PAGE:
- Hay Fever by Noël Coward with Richard McCabe, Dilys Hamlett and Marsha Hunt (1985)
- Zack by Harold Brighouse with Tim Healy and Bridget Turner (1986)
- Among Barbarians by Michael Wall. World premiere with Dominic Keating, Tariq Yunus and Avril Elgar (1989)
- She Stoops to Conquer by Oliver Goldsmith with Una Stubbs, Ewan Hooper, Andy Serkis and Lorraine Ashbourne (1990)
- Pride and Prejudice. World premiere adapted and directed by James Maxwell with Avril Elgar, Melanie Thaw, Rufus Sewell, Ben Daniels and Helen McCrory (1991)
- The Doctor's Dilemma by George Bernard Shaw with Jeremy Clyde, Trevor Baxter and Clive Owen (1991)
- Blithe Spirit by Noël Coward with Miranda Foster and Susie Blake (1991)
- Sidewalk Sidney by Rhandi McWilliams. World premiere with Eddie Osei and Charlie Caine (1992)
- An Ideal Husband by Oscar Wilde with Brenda Blethyn, Robert Glenister, Una Stubbs and Tom Chadbon (1992)
- The Moonstone. Adapted and directed by James Maxwell with Struan Rodger (1993)
- The Importance of Being Earnest by Oscar Wilde with Sam West, Neil Dudgeon and Avril Elgar (1994)
- The Count of Monte Cristo adapted by James Maxwell and Jonathon Hackett. World premiere directed by Braham Murray with David Threlfall and Colin Prockter (1994)
- Absurd Person Singular by Alan Ayckbourn with Trevor Cooper, Margo Gunn, Denys Hawthorne, Patrick O'Kane and Amanda Boxer (1994)
Work in television and filmEdit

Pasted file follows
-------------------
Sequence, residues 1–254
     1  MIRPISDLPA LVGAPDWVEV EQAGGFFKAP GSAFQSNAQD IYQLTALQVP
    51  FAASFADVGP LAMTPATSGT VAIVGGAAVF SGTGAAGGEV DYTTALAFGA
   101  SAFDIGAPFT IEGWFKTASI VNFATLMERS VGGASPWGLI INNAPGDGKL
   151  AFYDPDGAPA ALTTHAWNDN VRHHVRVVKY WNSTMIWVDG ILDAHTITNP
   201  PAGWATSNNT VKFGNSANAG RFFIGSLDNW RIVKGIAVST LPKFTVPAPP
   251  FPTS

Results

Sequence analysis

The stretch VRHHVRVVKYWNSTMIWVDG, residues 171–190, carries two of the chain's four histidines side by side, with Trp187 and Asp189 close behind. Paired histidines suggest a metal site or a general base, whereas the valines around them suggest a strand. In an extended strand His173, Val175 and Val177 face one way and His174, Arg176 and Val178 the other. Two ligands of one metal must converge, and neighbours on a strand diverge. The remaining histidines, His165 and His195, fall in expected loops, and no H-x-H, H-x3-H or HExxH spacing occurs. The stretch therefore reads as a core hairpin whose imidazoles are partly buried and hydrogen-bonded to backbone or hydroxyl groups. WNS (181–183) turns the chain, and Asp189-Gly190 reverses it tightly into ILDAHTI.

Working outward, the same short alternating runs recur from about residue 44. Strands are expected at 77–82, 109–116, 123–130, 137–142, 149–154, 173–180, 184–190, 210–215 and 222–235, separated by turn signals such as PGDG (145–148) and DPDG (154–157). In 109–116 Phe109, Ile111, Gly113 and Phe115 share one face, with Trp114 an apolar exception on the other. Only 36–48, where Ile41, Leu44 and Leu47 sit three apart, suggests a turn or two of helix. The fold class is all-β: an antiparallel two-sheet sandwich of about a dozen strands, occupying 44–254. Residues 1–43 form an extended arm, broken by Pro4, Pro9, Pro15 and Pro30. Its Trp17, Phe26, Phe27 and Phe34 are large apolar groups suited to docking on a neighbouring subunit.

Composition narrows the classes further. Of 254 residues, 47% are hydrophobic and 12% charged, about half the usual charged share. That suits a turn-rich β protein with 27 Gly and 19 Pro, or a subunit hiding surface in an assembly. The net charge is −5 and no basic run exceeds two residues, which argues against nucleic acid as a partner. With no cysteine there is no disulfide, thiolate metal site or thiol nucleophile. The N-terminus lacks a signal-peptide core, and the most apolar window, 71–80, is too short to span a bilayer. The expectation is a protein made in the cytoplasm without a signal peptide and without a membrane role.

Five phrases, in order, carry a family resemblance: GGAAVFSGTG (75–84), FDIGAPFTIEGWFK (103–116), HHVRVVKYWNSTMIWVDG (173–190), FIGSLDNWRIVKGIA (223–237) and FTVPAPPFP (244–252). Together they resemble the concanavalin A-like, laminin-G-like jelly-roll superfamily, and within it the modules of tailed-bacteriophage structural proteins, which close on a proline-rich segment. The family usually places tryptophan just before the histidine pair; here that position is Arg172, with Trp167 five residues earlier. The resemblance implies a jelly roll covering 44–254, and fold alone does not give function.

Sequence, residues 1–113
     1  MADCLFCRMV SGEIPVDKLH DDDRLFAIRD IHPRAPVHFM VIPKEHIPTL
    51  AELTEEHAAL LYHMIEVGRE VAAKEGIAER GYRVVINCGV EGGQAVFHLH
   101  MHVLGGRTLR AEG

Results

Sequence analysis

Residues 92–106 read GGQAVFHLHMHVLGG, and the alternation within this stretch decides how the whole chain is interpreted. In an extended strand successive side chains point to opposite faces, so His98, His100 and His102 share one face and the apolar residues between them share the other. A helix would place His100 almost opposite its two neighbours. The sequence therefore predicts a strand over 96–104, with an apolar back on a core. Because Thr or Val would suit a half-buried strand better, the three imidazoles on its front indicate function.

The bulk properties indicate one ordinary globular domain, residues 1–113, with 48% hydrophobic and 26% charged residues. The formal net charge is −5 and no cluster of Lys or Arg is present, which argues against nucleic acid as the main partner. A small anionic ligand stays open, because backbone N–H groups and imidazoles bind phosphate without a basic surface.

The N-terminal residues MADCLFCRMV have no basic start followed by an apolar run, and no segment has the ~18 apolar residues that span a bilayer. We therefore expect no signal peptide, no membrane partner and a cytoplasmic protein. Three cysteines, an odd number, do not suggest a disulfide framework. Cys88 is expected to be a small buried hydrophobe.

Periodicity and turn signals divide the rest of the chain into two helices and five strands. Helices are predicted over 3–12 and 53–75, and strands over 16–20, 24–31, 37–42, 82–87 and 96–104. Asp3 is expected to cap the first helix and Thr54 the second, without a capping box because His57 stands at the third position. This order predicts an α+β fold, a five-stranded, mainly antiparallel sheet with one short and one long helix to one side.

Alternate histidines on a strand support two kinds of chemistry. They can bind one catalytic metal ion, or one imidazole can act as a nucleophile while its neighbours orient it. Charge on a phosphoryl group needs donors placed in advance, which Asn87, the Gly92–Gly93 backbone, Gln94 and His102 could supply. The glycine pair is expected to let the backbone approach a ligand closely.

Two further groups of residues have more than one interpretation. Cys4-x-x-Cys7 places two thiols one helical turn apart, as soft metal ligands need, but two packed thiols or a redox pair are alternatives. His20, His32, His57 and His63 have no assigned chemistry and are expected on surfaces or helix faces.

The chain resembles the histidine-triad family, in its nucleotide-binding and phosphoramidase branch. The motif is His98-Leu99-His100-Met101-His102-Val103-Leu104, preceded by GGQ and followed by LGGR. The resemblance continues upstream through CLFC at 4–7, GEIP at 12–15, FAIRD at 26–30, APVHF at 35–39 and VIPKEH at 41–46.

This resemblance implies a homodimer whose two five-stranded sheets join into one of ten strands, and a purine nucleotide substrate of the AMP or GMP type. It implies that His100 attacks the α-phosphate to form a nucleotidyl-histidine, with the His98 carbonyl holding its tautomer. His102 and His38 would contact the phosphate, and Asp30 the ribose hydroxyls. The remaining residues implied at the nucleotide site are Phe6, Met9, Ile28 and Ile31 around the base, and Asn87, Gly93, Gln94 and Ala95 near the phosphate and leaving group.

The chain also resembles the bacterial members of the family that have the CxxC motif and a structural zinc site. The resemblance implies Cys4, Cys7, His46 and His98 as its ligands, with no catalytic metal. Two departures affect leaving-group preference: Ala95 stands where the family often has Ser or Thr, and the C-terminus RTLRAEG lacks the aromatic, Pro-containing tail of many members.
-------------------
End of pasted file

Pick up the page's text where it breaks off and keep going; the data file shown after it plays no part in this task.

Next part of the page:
Although the theatre was always his first love he appeared in television and film. His best-known television role was as King Henry VII in a BBC2 drama series, The Shadow of the Tower, but it did not have the same level of success as The Six Wives of Henry VIII (1970), which was its predecessor drama. His other television credits include a prominent role in the Doctor Who story Underworld (1978). He also appeared as Osmond in a television serial of Henry James' Portrait of a Lady (1967), The Avengers and The Saint. He played General-Major von Wittke in an episode of Enemy at the Door titled "Treason" (ep. 10, season 1, aired March 25, 1978).
He was also seen in the films Private Potter (1962), The Evil of Frankenstein (1964), Otley (1968) and One Day in the Life of Ivan Denisovich (1970). The first and last of these directed by his friend and colleague Casper Wrede.
He married the actress Avril Elgar in 1952 and the couple had two sons. They met at the Old Vic theatre school and she appeared in many of Maxwell's productions. He died in 1995.
- Subway in the Sky (1959) – Officer
- Girl on Approval (1961) – John Howland
- Design for Loving (1962) – Joe
- The Traitors (1962) – Ray Ellis
- The Damned (1962) – Mr. Talbot
- Private Potter (1962) – Lt. Colonel Harry Gunyon
- The Third Secret (1964) – Mark
- The Evil of Frankenstein (1964) – Priest
- Far from the Madding Crowd (1967) – Doctor (uncredited)
- Otley (1969) – Rollo
- Connecting Rooms (1970) – Principal of Art College
- One Day in the Life of Ivan Denisovich (1970) – Captain
- Ransom (1974) – Bernhard
- Four Friends (1981) – Hippie